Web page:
D-Link DSM-320 Media Lounge Review - D-Link DSM-320 Review


The Media Lounge is a slender unit that measures 427 x 285mm but it only stands 43mm high. You have to allow for the wireless aerial, but you shouldn’t have any trouble finding room for the DSM-320 under your TV or stacked on your DVD player or hi-fi. On the back of the DSM-320 is a row of ports and connectors. Most of them are outputs, with a list that consists of optical and coaxial S/PDIF audio, S-Video, composite video and RCA stereo audio. There are two inputs in the shape of 10/100 Ethernet and 802.11g wireless, as well as a mains power connector. D-Link supplies all the cables that you are likely to need in the box, and I kept things simple by connecting the DSM-320 to a spare SCART connector on the TV and using the RCA audio output to connect to the DVD surround sound speakers, as the DVD player uses an optical S/PDIF connection. Of course I chose the wireless input as that was the object of the exercise in the first place, but you can see that there are a dozen permutations for connecting the DSM-320 to your PC, TV and speakers.

Once the hardware was hooked up I installed the D-Link Media Server software v1.02 on my PC and let it detect the 3Com wireless gateway. Within the Media Server software you decide which directories are shared, and you also select which file types are included when Media Server scans your hard drive. If you’ve ever set up playlists in iTunes or a Steinberg player you’ll find the process is quick and simple.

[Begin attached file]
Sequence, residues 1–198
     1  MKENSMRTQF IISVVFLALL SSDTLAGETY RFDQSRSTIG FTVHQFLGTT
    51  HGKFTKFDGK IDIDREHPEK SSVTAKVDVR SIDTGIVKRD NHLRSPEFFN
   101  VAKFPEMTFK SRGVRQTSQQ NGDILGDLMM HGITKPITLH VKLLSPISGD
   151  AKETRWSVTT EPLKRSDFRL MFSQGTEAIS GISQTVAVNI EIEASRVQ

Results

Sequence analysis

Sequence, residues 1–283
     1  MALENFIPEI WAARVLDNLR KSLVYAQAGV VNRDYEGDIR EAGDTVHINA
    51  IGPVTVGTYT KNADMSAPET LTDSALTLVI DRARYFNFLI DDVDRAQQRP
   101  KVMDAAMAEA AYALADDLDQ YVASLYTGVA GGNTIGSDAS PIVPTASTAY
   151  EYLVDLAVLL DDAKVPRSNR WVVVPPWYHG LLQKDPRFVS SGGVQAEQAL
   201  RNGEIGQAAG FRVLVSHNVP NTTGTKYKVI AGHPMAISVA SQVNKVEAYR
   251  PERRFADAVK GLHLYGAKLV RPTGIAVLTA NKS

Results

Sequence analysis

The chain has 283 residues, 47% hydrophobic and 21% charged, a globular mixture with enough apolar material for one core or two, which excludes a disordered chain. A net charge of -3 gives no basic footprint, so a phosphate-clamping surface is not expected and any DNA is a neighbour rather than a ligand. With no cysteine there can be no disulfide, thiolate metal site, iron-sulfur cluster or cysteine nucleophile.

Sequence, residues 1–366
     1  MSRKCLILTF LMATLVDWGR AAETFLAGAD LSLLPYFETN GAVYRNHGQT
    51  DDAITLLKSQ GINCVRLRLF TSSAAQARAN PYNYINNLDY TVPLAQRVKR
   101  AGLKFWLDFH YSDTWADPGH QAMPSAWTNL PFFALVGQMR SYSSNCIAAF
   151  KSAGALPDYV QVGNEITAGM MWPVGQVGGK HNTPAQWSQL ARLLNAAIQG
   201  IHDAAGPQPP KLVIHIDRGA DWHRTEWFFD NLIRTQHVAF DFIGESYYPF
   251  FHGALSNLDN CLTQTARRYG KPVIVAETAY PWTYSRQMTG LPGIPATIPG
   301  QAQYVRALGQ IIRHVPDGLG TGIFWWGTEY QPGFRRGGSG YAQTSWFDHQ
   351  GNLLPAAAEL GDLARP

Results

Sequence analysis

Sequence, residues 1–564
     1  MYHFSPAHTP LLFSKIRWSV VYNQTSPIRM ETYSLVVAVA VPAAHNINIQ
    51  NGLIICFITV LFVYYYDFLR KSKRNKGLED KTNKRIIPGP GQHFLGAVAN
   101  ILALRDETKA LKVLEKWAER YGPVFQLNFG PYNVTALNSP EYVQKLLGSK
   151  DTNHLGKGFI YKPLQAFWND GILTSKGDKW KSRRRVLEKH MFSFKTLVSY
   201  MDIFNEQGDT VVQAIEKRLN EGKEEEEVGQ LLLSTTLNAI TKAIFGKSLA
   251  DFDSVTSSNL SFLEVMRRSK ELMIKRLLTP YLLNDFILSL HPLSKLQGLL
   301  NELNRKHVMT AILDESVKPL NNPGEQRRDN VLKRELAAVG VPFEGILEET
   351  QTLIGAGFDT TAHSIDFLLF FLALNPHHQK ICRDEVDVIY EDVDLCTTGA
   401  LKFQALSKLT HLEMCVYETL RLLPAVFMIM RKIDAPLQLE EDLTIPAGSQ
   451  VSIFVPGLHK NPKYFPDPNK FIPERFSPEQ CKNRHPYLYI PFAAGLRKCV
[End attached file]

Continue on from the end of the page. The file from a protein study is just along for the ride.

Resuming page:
The files are split into three categories; Audio, Video and Photo. Audio files include AIFF, MP3, OGG, WAV and WMA, supported Video formats are DAT, MPEG1/2/4, AVI, QuickTime, Xvid, while the picture types are JPEG, JPEG2000, TIFF, GIF, BMP and PNG. I have my media neatly arranged in directories or I’d never be able to find anything, so this system suits me perfectly.

D-Link tells us that the DSM-320 will access media ‘from other UPnP AV compliant media devices in your home’ so it would come as no surprise if it is developing other UPnP devices that will act as media tanks to take the burden off your PC. Once the Media Server had scanned my hard drive I turned the DSM-320 on, selected the correct AV channel on my TV, selected the appropriate audio input on the surround speakers, and sat back with an air of expectation. After a few seconds the DSM-320 detected the media server on my PC, and I was able to use the remote control to select the TV show that I wanted. This would only take a moment in Windows, but on the D-Link menu you can only see a small number of entries at one time so scrolling up and down jumps you from one page to the next, and loading took a few seconds so a relatively simple job such as choosing one episode out of 20 became quite a pain, and finding a photo in an album of 50 was a real chore.

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